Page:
Ontario Power Generation, responding to Greenpeace 'Fueling a Biomess' report, says it is working to make biomass repowering project at Atikokan Generating Station environmentally sustainable
November 16, 2011
– Ontario Power Generation’s (OPG) Northwest Thermal plant manager Chris Fralick said the company is working to make the biomass repowering project at its Atikokan Generating Station environmentally sustainable, the Atikokan Progress reported Nov. 15.
The statement is in response to Greenpeace’s “Fueling a Biomess” report in November that questioned how sustainable a forest-based bioenergy industry could be.
As the company looks to phase out coal by 2014, Fralick said it would require third party verification from suppliers to ensure the project is fueled from sustainably managed forests. Suppliers must also ensure their product meets the UN definition of renewable biomass, the Atikokan Progress noted.
According to two previous sustainability analyses undertaken by Canada’s Pembina Institute, following a 2010 recommendation from Ontario’s environment commissioner, OPG has received verification that its project can be sustainably managed.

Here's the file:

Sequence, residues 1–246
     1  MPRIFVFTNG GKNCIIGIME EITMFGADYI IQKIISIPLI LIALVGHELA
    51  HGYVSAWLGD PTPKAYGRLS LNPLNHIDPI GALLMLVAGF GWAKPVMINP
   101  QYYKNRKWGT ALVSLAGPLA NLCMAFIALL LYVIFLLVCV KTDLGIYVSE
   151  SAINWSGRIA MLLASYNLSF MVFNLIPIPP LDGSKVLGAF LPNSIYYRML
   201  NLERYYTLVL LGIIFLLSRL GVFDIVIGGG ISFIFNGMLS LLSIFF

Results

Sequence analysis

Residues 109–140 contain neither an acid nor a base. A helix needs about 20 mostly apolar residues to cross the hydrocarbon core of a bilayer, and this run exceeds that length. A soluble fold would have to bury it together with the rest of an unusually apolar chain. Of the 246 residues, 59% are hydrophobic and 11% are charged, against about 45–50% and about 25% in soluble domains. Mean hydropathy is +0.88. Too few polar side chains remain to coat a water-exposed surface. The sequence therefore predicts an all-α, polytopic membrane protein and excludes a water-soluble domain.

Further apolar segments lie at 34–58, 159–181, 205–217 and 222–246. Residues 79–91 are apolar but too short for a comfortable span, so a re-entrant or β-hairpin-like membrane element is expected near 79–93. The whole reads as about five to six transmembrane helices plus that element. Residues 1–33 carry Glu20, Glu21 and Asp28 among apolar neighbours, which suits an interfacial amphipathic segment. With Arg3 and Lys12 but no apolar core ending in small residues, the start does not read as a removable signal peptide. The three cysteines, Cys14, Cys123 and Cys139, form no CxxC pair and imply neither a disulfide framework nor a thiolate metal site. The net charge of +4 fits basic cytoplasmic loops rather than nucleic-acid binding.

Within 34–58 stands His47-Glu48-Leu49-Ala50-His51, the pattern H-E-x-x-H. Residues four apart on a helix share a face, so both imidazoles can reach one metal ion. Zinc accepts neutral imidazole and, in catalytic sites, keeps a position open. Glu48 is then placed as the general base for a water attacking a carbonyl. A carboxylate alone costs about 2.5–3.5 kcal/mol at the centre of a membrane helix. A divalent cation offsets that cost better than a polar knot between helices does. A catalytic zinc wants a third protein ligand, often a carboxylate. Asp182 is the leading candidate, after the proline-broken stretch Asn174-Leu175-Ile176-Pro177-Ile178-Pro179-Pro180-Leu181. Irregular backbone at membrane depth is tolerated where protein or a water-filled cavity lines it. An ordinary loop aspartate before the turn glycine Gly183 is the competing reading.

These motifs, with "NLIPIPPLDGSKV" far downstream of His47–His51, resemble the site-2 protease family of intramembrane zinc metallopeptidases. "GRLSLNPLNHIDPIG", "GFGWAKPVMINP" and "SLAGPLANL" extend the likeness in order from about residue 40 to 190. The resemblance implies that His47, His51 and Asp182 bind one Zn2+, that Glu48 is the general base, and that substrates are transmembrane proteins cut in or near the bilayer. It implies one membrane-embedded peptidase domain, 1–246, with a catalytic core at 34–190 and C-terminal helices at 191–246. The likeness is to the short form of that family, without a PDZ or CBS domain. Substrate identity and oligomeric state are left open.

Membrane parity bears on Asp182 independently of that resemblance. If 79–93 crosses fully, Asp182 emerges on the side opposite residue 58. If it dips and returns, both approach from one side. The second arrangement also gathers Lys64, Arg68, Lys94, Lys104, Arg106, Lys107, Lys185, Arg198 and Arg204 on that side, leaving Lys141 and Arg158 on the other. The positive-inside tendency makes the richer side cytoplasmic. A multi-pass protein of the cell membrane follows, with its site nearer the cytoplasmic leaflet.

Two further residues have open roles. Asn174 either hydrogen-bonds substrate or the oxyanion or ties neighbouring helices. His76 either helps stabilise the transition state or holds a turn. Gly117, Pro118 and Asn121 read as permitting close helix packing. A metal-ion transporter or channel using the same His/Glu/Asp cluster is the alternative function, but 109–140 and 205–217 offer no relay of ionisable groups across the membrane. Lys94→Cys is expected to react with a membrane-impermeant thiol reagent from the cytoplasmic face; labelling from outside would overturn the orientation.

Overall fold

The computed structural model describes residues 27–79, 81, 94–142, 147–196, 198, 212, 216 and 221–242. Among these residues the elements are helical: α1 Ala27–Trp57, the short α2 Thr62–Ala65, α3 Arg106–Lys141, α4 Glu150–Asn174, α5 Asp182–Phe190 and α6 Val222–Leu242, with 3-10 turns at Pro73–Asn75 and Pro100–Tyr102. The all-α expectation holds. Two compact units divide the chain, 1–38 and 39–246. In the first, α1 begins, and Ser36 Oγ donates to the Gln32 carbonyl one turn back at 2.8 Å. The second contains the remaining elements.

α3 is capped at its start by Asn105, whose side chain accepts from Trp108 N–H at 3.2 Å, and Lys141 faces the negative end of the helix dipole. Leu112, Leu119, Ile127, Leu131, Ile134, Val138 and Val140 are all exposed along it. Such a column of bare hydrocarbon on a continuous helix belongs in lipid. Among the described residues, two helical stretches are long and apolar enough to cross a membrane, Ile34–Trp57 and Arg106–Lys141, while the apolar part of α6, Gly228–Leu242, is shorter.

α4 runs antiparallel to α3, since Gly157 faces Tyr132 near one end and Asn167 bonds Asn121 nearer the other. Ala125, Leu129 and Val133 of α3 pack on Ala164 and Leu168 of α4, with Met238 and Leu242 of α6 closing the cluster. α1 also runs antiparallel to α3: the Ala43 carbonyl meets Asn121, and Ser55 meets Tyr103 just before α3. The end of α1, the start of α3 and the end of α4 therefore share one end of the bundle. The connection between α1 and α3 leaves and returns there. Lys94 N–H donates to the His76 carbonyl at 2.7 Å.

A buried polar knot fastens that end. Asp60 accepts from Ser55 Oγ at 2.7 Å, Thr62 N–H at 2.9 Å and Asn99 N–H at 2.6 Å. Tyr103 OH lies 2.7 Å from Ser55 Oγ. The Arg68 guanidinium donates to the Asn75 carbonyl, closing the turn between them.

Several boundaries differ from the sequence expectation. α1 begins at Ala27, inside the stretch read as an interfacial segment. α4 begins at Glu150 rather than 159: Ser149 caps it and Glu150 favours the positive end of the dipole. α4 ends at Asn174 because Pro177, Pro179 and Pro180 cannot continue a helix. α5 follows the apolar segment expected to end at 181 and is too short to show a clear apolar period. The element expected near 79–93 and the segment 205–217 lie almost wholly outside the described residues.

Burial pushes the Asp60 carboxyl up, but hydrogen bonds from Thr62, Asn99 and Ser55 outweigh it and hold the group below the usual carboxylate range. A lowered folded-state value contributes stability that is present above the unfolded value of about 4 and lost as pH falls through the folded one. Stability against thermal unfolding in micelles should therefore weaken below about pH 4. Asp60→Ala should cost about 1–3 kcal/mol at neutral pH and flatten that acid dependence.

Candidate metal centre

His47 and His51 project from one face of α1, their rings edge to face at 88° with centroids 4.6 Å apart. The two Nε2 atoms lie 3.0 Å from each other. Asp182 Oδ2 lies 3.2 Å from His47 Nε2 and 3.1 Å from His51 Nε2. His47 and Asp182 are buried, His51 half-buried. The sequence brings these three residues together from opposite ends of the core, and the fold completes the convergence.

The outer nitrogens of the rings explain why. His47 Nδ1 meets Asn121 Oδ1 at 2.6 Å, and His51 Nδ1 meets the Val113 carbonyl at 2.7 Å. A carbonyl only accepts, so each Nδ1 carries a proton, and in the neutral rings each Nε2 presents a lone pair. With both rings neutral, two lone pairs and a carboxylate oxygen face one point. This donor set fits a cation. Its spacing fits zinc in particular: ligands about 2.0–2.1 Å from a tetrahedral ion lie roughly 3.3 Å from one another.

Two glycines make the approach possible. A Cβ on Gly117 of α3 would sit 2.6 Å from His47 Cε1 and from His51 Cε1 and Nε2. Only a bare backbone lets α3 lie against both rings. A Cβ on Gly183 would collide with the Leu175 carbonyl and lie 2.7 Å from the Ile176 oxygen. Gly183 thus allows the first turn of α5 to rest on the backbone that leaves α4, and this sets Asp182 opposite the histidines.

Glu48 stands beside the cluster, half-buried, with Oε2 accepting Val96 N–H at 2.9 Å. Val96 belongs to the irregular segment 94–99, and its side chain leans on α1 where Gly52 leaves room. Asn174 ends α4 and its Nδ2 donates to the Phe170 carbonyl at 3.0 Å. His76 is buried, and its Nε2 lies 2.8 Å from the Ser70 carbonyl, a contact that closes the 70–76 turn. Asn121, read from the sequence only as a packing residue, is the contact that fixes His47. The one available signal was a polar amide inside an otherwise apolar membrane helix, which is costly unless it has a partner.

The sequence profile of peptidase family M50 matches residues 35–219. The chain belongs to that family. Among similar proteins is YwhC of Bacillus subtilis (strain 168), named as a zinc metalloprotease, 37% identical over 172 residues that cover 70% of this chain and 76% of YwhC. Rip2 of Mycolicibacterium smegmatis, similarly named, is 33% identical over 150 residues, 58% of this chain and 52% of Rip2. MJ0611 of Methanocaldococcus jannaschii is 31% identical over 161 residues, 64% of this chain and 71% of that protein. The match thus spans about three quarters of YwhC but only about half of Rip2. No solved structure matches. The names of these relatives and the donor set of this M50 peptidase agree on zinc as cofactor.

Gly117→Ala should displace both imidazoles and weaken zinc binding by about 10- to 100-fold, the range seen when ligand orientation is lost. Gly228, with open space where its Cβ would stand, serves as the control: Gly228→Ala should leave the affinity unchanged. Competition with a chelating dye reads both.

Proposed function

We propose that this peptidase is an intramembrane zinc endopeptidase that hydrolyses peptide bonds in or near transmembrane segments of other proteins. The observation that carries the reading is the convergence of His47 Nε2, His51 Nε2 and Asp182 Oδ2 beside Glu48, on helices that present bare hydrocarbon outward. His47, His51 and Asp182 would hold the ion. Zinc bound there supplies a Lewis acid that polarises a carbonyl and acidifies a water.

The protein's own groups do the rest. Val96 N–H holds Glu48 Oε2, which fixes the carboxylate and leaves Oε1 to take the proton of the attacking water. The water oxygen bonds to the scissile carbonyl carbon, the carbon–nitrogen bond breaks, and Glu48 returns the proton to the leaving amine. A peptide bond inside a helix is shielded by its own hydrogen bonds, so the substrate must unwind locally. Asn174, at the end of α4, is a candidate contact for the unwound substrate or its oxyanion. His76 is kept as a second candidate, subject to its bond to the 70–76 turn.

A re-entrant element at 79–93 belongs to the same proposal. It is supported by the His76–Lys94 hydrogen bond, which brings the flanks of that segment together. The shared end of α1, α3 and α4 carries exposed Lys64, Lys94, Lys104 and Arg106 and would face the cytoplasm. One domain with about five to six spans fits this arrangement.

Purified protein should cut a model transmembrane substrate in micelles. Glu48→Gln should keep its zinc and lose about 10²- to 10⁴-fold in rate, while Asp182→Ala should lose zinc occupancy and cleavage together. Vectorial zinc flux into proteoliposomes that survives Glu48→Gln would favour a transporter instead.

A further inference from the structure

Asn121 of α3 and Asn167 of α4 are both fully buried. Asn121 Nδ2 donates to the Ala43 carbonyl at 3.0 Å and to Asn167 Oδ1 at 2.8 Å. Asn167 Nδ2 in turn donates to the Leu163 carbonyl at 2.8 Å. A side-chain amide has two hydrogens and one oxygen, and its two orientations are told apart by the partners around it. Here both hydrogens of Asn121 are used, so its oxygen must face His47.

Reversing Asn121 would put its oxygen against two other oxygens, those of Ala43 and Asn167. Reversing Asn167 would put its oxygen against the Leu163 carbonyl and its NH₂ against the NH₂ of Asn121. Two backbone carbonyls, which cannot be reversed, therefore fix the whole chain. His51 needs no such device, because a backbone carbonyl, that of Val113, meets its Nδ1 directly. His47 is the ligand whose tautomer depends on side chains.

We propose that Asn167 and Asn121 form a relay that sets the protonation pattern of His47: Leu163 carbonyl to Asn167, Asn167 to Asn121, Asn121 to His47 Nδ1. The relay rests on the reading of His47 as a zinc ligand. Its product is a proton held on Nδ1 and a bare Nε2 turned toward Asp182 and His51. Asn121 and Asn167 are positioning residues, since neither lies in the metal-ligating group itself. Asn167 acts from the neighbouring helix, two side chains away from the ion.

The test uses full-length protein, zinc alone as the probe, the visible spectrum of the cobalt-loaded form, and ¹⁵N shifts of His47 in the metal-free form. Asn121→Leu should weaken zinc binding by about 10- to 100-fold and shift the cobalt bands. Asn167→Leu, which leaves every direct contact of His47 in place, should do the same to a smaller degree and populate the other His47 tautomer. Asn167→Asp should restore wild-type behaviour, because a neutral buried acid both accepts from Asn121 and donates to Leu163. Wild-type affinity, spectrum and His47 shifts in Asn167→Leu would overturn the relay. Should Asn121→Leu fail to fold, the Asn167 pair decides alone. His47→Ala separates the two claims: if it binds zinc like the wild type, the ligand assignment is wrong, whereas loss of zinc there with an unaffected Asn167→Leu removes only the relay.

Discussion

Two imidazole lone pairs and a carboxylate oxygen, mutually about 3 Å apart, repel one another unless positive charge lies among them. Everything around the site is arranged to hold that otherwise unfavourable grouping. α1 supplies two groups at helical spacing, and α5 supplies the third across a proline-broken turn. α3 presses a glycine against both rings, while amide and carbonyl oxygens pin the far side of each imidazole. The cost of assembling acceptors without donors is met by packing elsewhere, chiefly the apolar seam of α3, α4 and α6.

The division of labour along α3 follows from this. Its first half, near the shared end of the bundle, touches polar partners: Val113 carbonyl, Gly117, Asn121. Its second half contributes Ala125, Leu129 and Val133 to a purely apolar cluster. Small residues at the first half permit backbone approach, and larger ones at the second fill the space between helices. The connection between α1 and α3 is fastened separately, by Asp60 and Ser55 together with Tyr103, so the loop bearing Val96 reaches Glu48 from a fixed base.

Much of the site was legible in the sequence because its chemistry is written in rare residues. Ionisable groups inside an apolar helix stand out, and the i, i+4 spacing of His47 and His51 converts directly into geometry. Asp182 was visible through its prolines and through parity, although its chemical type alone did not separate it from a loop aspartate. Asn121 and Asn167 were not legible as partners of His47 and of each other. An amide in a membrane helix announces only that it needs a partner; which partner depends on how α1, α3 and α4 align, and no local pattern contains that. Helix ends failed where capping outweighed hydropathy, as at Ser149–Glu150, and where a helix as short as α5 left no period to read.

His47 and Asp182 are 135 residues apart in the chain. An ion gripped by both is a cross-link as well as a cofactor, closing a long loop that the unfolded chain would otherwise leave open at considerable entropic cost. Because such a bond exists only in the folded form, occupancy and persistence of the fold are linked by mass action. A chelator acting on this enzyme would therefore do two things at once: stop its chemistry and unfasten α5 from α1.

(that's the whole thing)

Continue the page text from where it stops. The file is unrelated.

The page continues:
Consuming 2 million tonnes of wood pellets per year, the project will not result in a systemic decline in forest carbon stocks but will offer greenhouse gas benefits, in comparison to fossil fuels, while creating 3,259 jobs and adding US$558 million to Ontario’s GDP, according to one analysis, reported the Atikokan Progress.
The second study, which looked into the use of 100,000 tonnes/year of forest biomass from management units in northwestern Ontario, concluded the project would not reduce forest carbon stocks but would be more beneficial than coal and natural gas while supporting 160 local jobs.
OPG’s application to include biomass operations under its Certificate of Approval has been submitted to Ontario’s Ministry of Environment, and will be posted on the ministry’s website for comment.
The primary source of this article is the Atikokan Progress, Atikokan, Ontario, on Nov. 15, 2011.